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Huntsman says shutdown will hurt GOP

Published September 30, 2013 9:42 am

This is an archived article that was published on sltrib.com in 2013, and information in the article may be outdated. It is provided only for personal research purposes and may not be reprinted.

Washington • Former Utah Gov. Jon Huntsman predicted that if the government shuts down Tuesday it would be short and painful for his fellow Republicans.

"If there is a going to be a shutdown, it's going to be a 24-hour shutdown," he said Sunday during an appearance on "Meet the Press." "Republicans know it is a loser for them."

Huntsman urged the GOP to accept that the Affordable Care Act is here to stay and that it's time to fix the parts of the law that are problematic. He criticized a strategy that tries to leverage a potential shutdown to undercut the health reform law. He went so far as to suggest Republican senators who rejected that strategy would be considered heroes, naming Sens. Tom Coburn and Bob Corker.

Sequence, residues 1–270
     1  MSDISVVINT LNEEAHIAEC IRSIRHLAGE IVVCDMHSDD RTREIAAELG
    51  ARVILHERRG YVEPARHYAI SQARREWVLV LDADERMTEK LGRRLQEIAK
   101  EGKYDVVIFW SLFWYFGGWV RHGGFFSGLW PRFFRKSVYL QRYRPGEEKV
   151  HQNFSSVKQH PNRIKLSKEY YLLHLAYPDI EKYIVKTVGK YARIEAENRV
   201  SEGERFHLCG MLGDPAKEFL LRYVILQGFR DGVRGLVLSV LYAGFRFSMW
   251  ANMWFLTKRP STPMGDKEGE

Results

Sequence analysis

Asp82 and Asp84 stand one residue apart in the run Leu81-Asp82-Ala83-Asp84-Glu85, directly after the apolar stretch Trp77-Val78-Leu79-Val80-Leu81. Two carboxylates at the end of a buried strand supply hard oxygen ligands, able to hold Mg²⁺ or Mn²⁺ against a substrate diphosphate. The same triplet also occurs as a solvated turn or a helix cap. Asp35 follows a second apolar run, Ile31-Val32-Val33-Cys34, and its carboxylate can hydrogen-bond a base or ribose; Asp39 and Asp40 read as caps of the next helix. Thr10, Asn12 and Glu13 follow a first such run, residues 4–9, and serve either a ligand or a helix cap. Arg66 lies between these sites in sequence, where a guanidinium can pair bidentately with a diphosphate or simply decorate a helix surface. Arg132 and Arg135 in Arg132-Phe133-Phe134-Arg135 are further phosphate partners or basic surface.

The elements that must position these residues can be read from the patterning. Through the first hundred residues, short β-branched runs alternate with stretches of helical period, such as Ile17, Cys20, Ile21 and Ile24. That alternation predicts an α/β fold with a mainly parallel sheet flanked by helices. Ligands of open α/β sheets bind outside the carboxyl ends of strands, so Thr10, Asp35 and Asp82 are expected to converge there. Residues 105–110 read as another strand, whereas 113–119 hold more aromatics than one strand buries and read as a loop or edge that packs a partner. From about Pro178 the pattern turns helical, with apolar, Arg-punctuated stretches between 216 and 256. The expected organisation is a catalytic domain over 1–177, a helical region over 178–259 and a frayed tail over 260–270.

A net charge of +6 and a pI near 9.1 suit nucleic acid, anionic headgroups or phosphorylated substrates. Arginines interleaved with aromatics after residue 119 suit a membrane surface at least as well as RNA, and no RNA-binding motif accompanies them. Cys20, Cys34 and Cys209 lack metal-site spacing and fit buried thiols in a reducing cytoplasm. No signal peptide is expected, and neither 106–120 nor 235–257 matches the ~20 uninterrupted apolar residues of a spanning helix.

In essence, Huntsman was slamming the strategy championed by Sen. Mike Lee, R-Utah, who once served as Huntsman's general counsel.

Lee led a failed attempt to use the budget battle to strip funding from the law commonly called Obamacare. During his own appearance on the political talk show "Fox News Sunday," Lee said he now supports the House-passed plan to tie a budget bill to a one-year delay of the Affordable Care Act, a law that congressional Republicans universally oppose.

"Republicans are doing everything we can to protect America from a shutdown and protect America from Obamacare," said Lee, who tried to pin any potential shutdown on Democrats for rejecting the House-passed legislation.

On Monday, the Senate is expected to sidestep the latest House offer, leaving just hours for Congress to strike a compromise before non-essential government functions start shutting down. If that happens, hundreds of thousands of federal employees would be furloughed, national parks would be closed and federally backed home loans would be stalled.

The Senate is expected to pass a bill that would allow the military to get paid during a shutdown, a move the House adopted unanimously late Saturday.